Door Lock Status PGN

Nathan Romanowski of Firefly Integrations proposes to add Door Lock Status under table 6.40.2b

Byte Bit Name Data Type Unit Definition
4 to 5 Voltage uint 16 V See table 5.3

The changes proposed above are to support a wireless lock that will connect to a wireless bridge that will report status of the lock(s) over the can bus.

We're seeing a variety of

We're seeing a variety of wireless devices in development and entering the market. In time we'll surely be adding this datum to a number of different devices. For developers it would be easier to have a common format for all such devices - just as we have a common format for Alarms created by different devices.

I propose to replace this submission with this:

Broadcast Gap: On Change/On Request
Acknowledgment Requirement: None

Byte 0: uint8 Device DSA
Byte 1: uint8 Device Instance
Bits 2.0-2.1 uint2 Device Type. 0 = Standard, 1 = Control Device. See Below
Bits 2.2-2.4 uint3 Low Voltage Warning. 0 = Ok, 1 = Voltage Low, 2 = Voltage Critically Low, 6 = No Reading Available
Bits 2.5-2.7 uint3 Device Subidentifier. See Below
Byte 3-4 uint16 Battery Voltage, See Table 5.3. FFFEh indicates that the device has not yet reported a value.
Byte 5-6: uint16 Time Elapsed Since Last Reading Minutes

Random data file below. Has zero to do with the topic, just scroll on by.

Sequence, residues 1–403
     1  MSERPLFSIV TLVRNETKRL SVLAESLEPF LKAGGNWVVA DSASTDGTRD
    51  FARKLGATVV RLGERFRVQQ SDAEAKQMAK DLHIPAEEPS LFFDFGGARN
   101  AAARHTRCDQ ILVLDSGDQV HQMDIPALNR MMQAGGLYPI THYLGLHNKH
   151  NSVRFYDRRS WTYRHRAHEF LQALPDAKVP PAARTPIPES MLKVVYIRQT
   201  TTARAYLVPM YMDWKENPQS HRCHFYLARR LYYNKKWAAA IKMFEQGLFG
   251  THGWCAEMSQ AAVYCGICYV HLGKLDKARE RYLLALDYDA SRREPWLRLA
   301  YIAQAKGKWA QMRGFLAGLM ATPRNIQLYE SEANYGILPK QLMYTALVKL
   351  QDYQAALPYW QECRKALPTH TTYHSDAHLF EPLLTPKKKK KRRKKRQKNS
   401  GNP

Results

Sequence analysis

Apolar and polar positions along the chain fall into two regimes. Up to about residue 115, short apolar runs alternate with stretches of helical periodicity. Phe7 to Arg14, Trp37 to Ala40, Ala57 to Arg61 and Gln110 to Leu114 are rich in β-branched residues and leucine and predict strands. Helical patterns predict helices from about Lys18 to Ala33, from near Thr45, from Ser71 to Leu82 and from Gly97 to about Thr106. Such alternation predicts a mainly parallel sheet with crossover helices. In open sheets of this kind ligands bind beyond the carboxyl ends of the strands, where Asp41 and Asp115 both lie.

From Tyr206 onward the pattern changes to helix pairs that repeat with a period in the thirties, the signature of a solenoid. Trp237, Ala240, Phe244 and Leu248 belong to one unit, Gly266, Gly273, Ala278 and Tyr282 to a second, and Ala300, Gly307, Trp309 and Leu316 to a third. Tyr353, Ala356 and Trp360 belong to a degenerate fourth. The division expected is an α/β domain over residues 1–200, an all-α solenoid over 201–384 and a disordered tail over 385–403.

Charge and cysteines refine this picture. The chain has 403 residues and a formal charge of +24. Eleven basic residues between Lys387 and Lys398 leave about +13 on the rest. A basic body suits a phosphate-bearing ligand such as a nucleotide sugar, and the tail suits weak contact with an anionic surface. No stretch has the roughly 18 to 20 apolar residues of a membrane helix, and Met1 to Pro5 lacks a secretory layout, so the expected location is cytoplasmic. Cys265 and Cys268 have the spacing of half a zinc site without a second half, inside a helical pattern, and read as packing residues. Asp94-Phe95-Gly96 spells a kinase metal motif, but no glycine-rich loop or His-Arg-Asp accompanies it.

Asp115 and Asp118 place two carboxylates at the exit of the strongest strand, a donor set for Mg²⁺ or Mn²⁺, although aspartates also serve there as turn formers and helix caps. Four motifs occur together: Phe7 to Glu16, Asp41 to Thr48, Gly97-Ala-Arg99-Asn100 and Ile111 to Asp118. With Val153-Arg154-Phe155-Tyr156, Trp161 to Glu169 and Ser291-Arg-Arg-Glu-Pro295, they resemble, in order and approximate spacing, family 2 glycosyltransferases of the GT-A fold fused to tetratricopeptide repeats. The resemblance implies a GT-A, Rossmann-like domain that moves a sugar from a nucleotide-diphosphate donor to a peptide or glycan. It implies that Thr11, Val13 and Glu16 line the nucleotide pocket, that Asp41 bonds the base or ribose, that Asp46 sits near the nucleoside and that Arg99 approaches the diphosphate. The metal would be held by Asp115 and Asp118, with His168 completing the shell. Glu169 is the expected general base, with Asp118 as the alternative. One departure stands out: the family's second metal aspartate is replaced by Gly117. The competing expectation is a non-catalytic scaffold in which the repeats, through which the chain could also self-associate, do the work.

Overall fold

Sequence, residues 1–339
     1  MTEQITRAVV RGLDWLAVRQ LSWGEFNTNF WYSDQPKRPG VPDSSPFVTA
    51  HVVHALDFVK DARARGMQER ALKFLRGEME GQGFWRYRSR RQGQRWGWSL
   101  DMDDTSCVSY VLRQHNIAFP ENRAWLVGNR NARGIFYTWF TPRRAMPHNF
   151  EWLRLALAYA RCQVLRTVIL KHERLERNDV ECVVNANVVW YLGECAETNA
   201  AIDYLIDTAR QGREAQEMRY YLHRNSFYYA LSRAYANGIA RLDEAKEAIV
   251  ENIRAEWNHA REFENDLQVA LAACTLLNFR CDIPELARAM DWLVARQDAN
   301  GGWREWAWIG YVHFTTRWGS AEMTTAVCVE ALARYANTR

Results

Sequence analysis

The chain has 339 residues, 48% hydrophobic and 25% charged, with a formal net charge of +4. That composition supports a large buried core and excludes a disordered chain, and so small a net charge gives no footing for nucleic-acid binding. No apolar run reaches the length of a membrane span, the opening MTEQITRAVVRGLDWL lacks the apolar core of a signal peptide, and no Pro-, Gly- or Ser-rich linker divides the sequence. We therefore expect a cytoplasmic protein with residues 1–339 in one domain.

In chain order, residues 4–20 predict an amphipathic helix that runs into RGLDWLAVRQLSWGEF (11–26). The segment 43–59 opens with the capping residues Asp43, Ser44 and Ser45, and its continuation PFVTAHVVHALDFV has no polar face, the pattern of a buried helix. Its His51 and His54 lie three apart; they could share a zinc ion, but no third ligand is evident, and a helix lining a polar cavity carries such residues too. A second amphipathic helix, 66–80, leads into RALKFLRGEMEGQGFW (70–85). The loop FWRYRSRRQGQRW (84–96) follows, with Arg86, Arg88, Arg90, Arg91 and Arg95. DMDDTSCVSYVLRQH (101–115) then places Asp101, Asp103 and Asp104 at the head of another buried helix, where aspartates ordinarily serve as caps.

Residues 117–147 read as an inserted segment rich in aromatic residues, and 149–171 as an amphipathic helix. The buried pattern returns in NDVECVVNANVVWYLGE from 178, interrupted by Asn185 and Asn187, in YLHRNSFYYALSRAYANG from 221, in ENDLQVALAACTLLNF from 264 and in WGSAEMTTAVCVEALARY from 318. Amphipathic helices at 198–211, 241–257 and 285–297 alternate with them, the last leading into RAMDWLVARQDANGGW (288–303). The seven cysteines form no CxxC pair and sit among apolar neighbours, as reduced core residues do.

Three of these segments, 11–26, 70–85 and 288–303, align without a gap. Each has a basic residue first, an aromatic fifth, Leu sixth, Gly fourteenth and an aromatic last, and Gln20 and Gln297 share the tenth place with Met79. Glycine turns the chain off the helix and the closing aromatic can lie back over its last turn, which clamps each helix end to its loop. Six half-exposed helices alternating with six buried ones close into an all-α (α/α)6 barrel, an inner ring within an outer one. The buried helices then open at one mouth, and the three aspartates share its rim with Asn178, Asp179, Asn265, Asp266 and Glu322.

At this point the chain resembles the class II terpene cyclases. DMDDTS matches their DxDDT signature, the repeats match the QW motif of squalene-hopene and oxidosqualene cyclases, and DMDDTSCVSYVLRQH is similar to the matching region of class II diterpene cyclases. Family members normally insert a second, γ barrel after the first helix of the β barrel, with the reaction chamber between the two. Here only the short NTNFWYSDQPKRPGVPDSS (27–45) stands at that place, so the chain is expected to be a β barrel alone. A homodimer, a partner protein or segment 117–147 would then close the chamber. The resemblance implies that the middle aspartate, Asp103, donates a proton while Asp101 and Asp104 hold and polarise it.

The Device Type flag identifies whether the battery is located in the device described by the DSA and Instance, or to a fob or panel controlling that device. A Device Type of 0 indicates the former case, a Device Type of 1 indicates that latter. For example, a wireless fresh tank sensor would use Device DSA 72 (Tanks), Instance 0 (Fresh), Device Type 0 (Standard Device). A keyfob for the main door lock would use Device DSA 135 (Door), Instance 1 (Main), Device Type 1 (Control Device). As a system may have several keyfobs or similar devices, the Device Subidentifier field is provided to allow each device a unique report. Only the primary vendor of the device should use the SubIdentifier. Secondary control products should be uniquely identified using one of the alternatives described for multi-function controls below.